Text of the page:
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Wednesday, April 28, 2010

An Open Letter to the Next Elected Officials: Stop the Marginalization of Filipino Workers

I find it to be morally wrong and indecent for a large company to enjoy record profit and achieve unprecedented growth and expansion while a majority of workers are marginalized with no security of tenure, very little or no benefits and have no share in the company's gains. See that I did not use the word employee because for most of these companies, the so-called marginalized workers who work for them are not their employees. They are employees of staffing agencies who pay them anywhere from below to just about the minimum wage.

It is easy to pinpoint who these companies are because they are among the largest in the Philippines. They enjoy tremendous growth and are said to have contributed a lot in terms of employment. It is easy to think that they contributed to the economy but I don't think so.  This is perhaps the reason why despite the government's claims that the country's economy is improving. Poverty and hunger continue to increase. The reason I believe, is that only the wealthy owners of profitable companies enjoy the growth. For most of them, there is no mechanism for sharing financial gains to their sales clerks, factory workers, janitors, security guards, service crew, gas boys, farm hands, peons, etc. This is why a lot of our citizens, despite their being employed do not have much purchasing power and cannot avail of even their basic needs.

Don't get me wrong. I am not against growth and profit. My fervent wish is for all companies in the Philippines to be profitable so they can pay their employees better. What I stand for is fair gain sharing. I am for non-circumvention of a company's moral responsibility to take care of the people who work for them by giving them the pay and benefits they deserve and reward them for their contribution. Business should not be about profit at all cost. It should be about profit with conscience.

There ought to be a law that will stop the marginalization of Filipino workers. There ought to be a law that will require companies to share gains with their workers. There ought to be a law that incentivize companies for regularizing employees and giving them benefits. When this happens, large profitable companies will probably experience a momentary reduction of profit but things should improve fast because wealth is shared, people will have more money to spend or invest, then there will be more money to flow back into businesses. The bottom line, the country's economic growth will be spread not only among the oligarchs but among the workers who help make all these possible.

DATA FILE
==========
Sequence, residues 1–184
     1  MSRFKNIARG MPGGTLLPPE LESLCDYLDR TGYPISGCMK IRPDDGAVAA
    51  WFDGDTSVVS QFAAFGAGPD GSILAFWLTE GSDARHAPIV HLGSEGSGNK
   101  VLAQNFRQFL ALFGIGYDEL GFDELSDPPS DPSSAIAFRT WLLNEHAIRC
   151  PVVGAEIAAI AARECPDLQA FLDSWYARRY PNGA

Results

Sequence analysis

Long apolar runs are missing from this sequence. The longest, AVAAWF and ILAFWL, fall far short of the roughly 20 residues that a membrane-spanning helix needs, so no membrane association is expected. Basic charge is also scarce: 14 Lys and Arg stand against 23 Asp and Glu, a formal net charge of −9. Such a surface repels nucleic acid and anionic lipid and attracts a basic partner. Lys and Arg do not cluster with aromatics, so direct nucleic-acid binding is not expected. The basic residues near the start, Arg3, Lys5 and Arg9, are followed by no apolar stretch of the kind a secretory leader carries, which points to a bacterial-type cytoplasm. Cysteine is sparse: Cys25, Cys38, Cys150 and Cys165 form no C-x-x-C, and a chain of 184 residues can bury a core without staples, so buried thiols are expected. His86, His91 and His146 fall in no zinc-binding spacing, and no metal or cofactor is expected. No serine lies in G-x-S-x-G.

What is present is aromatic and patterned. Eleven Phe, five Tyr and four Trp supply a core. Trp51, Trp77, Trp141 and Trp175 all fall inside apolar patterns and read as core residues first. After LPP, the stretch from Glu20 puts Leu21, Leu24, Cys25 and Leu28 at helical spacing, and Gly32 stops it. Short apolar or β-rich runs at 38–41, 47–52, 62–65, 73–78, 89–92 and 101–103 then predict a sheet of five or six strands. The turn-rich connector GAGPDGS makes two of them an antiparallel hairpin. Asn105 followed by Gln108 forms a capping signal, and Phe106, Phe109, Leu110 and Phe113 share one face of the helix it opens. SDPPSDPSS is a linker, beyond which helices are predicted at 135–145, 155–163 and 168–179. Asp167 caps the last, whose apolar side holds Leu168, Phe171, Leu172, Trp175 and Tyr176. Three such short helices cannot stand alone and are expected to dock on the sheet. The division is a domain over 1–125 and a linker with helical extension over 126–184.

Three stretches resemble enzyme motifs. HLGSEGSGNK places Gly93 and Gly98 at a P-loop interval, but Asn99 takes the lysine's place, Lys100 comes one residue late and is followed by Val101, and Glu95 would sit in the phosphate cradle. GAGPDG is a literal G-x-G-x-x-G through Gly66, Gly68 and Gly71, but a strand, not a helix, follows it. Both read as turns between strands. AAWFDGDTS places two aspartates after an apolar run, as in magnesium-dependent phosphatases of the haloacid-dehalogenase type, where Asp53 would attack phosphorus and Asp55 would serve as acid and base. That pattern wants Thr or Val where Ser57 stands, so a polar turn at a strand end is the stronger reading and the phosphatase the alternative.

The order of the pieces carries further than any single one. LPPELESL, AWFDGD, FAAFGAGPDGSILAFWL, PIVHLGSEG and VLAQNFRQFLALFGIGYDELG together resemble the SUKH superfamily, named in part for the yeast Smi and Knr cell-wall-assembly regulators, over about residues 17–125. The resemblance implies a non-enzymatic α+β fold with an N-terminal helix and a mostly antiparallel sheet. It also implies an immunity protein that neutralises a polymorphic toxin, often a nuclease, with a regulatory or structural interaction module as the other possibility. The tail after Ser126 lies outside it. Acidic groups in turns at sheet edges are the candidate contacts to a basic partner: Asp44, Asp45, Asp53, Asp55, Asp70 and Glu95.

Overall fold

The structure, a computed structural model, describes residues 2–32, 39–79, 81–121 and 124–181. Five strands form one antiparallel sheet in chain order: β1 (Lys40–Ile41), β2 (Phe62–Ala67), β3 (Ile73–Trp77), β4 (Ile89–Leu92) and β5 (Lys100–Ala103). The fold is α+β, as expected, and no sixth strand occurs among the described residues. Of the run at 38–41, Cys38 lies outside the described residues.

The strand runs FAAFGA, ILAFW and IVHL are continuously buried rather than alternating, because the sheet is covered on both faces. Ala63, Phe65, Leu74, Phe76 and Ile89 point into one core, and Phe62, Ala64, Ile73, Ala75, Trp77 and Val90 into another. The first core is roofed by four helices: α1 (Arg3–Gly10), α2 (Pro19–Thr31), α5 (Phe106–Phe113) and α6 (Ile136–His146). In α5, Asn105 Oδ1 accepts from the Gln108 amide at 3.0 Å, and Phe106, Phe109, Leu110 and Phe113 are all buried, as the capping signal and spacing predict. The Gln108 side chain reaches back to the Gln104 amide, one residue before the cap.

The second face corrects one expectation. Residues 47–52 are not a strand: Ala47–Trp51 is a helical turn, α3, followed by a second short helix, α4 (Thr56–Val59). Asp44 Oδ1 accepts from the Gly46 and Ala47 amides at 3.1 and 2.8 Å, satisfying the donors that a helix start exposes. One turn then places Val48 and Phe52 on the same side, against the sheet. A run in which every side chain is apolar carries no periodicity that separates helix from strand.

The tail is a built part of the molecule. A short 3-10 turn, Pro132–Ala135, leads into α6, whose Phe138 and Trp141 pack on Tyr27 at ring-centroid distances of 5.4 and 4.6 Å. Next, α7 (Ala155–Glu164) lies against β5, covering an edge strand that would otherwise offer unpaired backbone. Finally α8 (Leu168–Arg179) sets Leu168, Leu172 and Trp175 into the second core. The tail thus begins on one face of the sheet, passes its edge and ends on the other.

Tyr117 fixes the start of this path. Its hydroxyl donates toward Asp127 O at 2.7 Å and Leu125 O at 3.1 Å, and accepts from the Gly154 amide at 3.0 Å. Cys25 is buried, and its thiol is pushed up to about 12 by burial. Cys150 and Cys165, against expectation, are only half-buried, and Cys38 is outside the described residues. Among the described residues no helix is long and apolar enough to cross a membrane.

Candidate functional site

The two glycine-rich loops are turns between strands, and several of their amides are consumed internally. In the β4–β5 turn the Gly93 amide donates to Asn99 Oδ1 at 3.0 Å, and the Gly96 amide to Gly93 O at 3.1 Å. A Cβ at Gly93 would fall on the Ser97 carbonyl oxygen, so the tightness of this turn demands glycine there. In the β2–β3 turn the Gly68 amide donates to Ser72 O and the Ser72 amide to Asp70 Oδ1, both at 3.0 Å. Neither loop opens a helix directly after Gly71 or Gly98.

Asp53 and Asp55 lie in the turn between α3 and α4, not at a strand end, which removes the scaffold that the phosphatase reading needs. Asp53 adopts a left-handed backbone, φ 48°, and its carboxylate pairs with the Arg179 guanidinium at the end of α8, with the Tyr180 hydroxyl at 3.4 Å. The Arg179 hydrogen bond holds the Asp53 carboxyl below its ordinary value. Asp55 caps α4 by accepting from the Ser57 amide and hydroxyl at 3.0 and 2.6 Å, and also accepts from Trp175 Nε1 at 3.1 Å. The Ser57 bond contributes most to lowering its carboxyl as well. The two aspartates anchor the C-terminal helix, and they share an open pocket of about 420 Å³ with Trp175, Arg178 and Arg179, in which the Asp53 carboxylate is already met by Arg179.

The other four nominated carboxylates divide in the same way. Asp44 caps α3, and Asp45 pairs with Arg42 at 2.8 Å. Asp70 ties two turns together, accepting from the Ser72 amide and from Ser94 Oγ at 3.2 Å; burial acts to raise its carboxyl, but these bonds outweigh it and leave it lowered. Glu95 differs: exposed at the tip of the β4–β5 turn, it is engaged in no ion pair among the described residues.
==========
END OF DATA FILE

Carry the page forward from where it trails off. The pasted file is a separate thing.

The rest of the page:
We need a good law that will motivate the employees to help their companies because they know they will have a fair share of the profit. I believe that a law on gain sharing will be far better than across-the-board salary increases because it will not break the back of small and unprofitable companies. It will also teach our workers to be more diligent and strive to contribute more to company productivity and profitability.

The nation's human resources are important cogs in the country's economic machinery. They are part of both production and consumption. When they are given more power to consume, the economy benefits from it. When they are motivated to produce, the economy benefits from it. I pray that our next elected government officials will take a more caring look at their situation and make appropriate laws to help them.

1 comment:

  1. Well said, Ed. I think there's something very wrong with this contractual arrangement as an industry standard. Maybe there should be a Party List representing these group of workers.


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